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Clinical Trial Summary

The overall purpose of this study is to describe the cellular composition of the human appendix and its gene expression using scRNAseq and scATACseq methods. This will potentially provide is with a complete and detailed map of the appendix´ immunological properties and its role in neuro-endocrine/metabolic functions. Our results will be held up against current knowledge of the appendix and its role in the human body and thus hopefully expand our understanding of this organ and the consequences of its removal by appendectomy.


Clinical Trial Description

Until recently the human appendix was viewed as a rudimentary organ without any specific function in the human body. Our current knowledge of the cellular composition of the appendix is solely based on histological examinations combined with immunohistochemical stains. These examinations have shown that the structural composition of the appendix is similar to the large intestine, with mucosa, submucosa, muscularis externa and serosa. Uniquely, the appendix has almost circumferential lymphoid follicles in the submucosa and lamina propria, and thus becomes a secondary lymphoid organ. In addition to this, the appendix contains Lieberkühn's crypts, which in contrast to the large intestine contains Paneth cells and argentaffine (enterochromaffin) neuro-endocrine cells1 2 Recently, the appendix´ role in regulation of immunologic functions has been discovered. It is believed that the great bacterial diversity in the appendix stimulates the human immune system and aids in the maturation and diversification of white blood cells, especially B-cells in the lymphoid follicles in the appendix.3 The appendix contains a larger quantity of CD5+ (B1), CD19+, Immunoglobulin-secreting IgG and secretory IgA cells compared to the large intestine. In the luminal follicle-associated epithelium, a high concentration of intra-epithelial M-cells as well as human leukocyte antigen D-related (HLA-DR) T and B cells are seen.4 The human appendix has a unique cellular composition, which plays a role in bacterial homeostasis in the large intestine5 and entero-endocrine regulation6. Furthermore, removing the appendix can drastically change incidence of certain metabolic and immune-related diseases such as type II diabetes7 and ulcerative colitis8. Despite this, only very few studies have investigated the cellular composition of the human appendix, and none of these have used single-cell (sc) RNA or DNA-sequencing to aid in our understanding of this organ. By using scRNAseq and scATACseq (Single-cell Assay of Transposase Accessible Chromatin sequencing) we will be able to map open regions in the cell's DNA and RNA, thus providing us with a unique "map" of the cells in the appendix as well is their gene expression9-11. ScATACseq visualizes open regions in the chromatin, generating "peaks" which can then be used to map DNA motifs, such as transcription factor binding sites. With the emergence of scATACseq, chromatin accessibility is in combination with gene expression data an extremely useful resource to study cell type specific regulatory DNA interactions. To further study the immunological aspects of the appendix, we will extract immune cells from the Peyer´s plaques. Lastly, full blood will be extracted to better analyse metabolic risk factors in relation to the appendix´ metabolic cellular regulation. ;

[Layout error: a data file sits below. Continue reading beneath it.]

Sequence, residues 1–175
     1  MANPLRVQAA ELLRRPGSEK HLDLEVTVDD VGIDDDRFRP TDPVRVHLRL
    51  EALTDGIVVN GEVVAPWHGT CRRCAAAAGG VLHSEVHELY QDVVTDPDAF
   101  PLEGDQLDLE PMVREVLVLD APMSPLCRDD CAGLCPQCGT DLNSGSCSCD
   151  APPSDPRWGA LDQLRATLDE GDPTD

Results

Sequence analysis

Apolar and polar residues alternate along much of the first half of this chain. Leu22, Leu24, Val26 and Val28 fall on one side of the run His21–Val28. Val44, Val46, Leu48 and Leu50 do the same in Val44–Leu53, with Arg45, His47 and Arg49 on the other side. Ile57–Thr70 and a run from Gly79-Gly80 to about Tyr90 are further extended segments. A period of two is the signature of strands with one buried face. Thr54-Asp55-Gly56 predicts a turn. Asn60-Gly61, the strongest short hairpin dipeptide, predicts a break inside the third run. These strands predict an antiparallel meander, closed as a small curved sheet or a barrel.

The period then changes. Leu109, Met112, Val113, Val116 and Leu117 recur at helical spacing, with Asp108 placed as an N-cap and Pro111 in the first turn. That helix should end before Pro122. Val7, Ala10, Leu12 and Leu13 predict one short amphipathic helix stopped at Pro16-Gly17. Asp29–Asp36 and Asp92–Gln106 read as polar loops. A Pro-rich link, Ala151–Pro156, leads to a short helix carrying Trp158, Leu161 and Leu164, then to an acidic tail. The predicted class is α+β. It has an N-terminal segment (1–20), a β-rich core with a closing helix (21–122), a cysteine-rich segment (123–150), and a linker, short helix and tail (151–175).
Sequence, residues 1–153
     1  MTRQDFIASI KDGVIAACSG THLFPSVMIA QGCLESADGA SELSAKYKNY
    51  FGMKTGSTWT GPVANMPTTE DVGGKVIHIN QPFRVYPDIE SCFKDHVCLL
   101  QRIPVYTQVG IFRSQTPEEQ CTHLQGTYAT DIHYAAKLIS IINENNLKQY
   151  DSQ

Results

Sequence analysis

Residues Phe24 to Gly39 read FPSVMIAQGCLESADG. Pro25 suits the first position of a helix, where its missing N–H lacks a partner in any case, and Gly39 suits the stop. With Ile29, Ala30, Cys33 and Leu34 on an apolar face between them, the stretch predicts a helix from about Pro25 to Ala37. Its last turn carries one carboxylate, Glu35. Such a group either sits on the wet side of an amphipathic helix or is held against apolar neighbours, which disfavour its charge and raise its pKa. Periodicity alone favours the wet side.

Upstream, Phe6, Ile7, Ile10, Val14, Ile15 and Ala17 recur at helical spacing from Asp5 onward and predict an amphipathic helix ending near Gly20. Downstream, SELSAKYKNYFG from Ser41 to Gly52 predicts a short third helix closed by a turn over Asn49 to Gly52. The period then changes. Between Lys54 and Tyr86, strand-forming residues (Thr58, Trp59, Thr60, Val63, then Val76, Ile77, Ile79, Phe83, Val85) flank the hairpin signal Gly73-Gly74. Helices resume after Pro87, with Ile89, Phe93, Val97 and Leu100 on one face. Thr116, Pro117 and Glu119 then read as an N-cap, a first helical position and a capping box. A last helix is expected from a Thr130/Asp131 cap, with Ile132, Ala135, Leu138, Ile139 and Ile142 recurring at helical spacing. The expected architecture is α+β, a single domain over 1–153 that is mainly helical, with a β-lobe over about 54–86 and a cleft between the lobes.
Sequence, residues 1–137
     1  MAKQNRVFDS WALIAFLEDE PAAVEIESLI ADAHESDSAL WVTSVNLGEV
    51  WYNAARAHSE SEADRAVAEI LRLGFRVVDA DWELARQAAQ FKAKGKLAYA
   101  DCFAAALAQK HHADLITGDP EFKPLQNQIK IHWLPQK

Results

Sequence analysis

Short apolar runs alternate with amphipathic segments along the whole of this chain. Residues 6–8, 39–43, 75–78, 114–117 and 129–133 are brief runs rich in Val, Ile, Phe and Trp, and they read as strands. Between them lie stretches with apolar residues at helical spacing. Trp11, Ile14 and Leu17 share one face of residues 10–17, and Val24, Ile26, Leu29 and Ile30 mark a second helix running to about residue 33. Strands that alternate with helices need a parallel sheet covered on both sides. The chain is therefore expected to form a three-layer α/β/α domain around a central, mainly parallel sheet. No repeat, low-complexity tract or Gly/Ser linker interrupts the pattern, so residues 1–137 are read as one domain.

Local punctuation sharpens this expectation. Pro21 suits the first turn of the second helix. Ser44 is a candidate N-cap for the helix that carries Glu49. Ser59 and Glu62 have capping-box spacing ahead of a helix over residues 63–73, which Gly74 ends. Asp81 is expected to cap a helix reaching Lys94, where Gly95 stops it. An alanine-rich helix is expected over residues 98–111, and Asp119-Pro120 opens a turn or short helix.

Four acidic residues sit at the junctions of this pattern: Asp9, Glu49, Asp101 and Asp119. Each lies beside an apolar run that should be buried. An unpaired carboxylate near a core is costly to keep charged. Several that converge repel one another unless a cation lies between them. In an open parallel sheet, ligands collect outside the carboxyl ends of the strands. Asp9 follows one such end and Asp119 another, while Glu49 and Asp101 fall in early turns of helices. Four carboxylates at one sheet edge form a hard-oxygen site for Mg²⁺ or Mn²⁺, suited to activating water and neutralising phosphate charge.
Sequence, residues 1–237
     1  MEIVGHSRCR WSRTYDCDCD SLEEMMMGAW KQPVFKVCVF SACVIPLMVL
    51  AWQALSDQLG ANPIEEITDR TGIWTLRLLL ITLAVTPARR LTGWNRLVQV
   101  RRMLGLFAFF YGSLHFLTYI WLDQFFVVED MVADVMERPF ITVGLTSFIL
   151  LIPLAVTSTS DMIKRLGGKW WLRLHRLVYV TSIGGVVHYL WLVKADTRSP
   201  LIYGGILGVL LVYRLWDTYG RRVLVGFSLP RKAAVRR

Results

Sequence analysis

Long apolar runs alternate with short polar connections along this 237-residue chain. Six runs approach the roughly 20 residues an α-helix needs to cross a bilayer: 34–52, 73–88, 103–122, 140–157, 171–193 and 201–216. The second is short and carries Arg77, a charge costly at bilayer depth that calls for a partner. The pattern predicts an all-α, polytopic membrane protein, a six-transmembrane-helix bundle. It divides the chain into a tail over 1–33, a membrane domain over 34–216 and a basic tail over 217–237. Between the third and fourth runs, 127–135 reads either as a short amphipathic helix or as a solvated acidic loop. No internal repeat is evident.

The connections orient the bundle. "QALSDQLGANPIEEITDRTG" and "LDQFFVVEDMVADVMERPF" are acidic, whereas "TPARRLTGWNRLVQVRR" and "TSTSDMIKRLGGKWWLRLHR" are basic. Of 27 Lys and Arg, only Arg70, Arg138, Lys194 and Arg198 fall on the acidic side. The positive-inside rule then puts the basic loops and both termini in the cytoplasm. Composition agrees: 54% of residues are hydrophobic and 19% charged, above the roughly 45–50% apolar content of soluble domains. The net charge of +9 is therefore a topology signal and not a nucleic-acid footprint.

Study Design


Related Conditions & MeSH terms


NCT number NCT05209061
Study type Observational [Patient Registry]
Source Bispebjerg Hospital
Contact Jacob Antonsen, MD
Phone +4520847551
Email [email protected]
Status Not yet recruiting
Phase
Start date September 1, 2022
Completion date June 1, 2023

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